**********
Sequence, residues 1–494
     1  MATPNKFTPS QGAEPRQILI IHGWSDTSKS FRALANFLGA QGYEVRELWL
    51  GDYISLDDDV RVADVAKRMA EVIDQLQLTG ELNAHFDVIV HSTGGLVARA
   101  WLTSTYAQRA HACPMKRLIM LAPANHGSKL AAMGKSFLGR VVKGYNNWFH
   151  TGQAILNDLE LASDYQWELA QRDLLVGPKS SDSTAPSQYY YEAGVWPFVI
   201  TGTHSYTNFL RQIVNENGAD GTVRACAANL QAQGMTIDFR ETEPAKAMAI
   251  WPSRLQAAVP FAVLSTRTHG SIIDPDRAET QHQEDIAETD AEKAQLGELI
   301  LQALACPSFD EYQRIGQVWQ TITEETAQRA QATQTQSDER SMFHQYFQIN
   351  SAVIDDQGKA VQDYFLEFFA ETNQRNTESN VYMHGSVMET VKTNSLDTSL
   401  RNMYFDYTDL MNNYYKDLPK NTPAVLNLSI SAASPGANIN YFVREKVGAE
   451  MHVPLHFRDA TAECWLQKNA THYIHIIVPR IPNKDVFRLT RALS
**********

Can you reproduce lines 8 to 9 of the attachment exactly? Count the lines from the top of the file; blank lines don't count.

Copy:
   301  LQALACPSFD EYQRIGQVWQ TITEETAQRA QATQTQSDER SMFHQYFQIN
   351  SAVIDDQGKA VQDYFLEFFA ETNQRNTESN VYMHGSVMET VKTNSLDTSL